KTX… Korea's high speed train

As an American, I come from a country which doesn’t think very highly of railroad travel anymore. Since World War II, the US government has mainly been concerned with building more highways and airports. This is why Americans tend to need cars, and people in other countries need them less. I can’t say this is exactly true for Korea, as dependency on cars increases significantly the further one gets from Seoul, but even in Seoul, so many people have cars. Even so, railway transportation in Korea is very cost effective and relatively convenient.

This wasn’t always the case. It used to take more than 4 hours to go by train from Seoul to Busan, the second largest city of Korea. In comparison with car travel, it takes about 4-5 hours, and upon arrival, the traveler has the convenience of having a car. That’s slower than molasses in February! Business travel between Busan and Seoul was dominated by airlines. While airlines have the benefit of the relatively short flight time (less than 1 hour airport to airport), the time and money spent going to and from airports made it almost the same as the trains.

Enter KTX. The KTX is a high speed rail that combines advanced technology with comfort and sensibility. It opened in 2004. With this new train system, travel between Seoul and Busan was reduced to 2 hours and 40 minutes. This reduced travel time, in addition to the almost luxurious interior of the KTX was enough to steal half of all the airline traffic between Seoul and Busan. At the moment, the high speed rail has been completed between Seoul and East Daegu. Thus, Busan bound KTX trains on the Gyeongbu Line are high speed up until East Daegu, then the train uses normal rail tracks for the rest of the way to Busan. Work is continuing on the system to complete the high speed connection to Busan, which will further reduce the travel time to 2 hours and 10 minutes. Similar plans are in motion to extend the high speed rails in the southern half of the Honam line as well.

Now what do I mean when I say almost luxurious interior? Well, there was one time that I got bumped up from economy class to business class on an international flight. Of course business class was amazing, complete with better food, free drinks, more space, and attractive flight attendants who pretended they wanted to have a conversation with me that consisted of topics other than food or beverage selection. Well, KTX’s economy class cabin is somewhere between an airline’s economy class and business class in that the seats are relatively large, and there is a lot of space. There is also wireless internet access available in all cars. The KTX also has more luxurious seating with a first class section and the brand new KTX cinema class, where customers can enjoy a movie on a large screen at the front of the first car.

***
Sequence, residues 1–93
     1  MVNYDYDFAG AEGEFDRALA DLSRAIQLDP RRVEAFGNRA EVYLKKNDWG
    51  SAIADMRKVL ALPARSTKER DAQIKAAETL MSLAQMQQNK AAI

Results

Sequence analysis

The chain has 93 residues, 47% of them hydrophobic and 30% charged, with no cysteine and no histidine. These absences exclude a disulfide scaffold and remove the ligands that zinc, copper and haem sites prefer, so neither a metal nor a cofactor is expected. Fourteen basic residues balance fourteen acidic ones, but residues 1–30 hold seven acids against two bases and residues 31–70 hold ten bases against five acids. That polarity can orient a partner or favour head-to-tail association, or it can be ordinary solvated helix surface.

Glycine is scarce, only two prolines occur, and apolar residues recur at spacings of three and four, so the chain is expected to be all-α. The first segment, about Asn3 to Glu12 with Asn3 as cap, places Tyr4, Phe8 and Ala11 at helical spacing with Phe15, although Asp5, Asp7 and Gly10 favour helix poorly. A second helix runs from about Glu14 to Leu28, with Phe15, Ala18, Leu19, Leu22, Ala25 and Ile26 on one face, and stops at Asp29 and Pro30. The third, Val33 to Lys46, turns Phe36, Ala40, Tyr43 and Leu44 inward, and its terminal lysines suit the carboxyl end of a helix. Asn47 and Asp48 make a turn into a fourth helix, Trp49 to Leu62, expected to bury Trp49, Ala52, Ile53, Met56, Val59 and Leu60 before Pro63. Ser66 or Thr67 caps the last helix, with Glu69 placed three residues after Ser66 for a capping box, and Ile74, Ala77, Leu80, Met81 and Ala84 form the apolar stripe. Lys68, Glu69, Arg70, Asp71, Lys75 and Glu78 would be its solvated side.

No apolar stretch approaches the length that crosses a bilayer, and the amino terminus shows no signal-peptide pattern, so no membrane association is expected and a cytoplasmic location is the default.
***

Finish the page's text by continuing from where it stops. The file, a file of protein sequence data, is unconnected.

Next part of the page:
The KTX cinema was designed by Cinewood Entertainment, and it is the first train cinema in the world to show current movies. This innovative cinema is totally unlike the standard fare of older B-Movies that one can expect to see on most airplanes, because these are movies that you actually want to watch! The movie watching experience is also almost as good as seeing the movie in the theatre in some ways. Admittedly the screen is smaller, but some of the seats are very close to the screen and all of the seats are way bigger than what you can expect in a movie theatre. Also, unlike airline movies, no headphones are required; the movie car has 14 speakers including the subwoofer speaker to accompany the 57 inch movie screen. I’ve personally never ridden in the KTX cinema car, but when I do in the future, you can be sure I’ll write to tell you all about it. I’ve also read that there are plans to export this technology to other countries, like China, the US, and the European Union, where train travel can be very long and boring.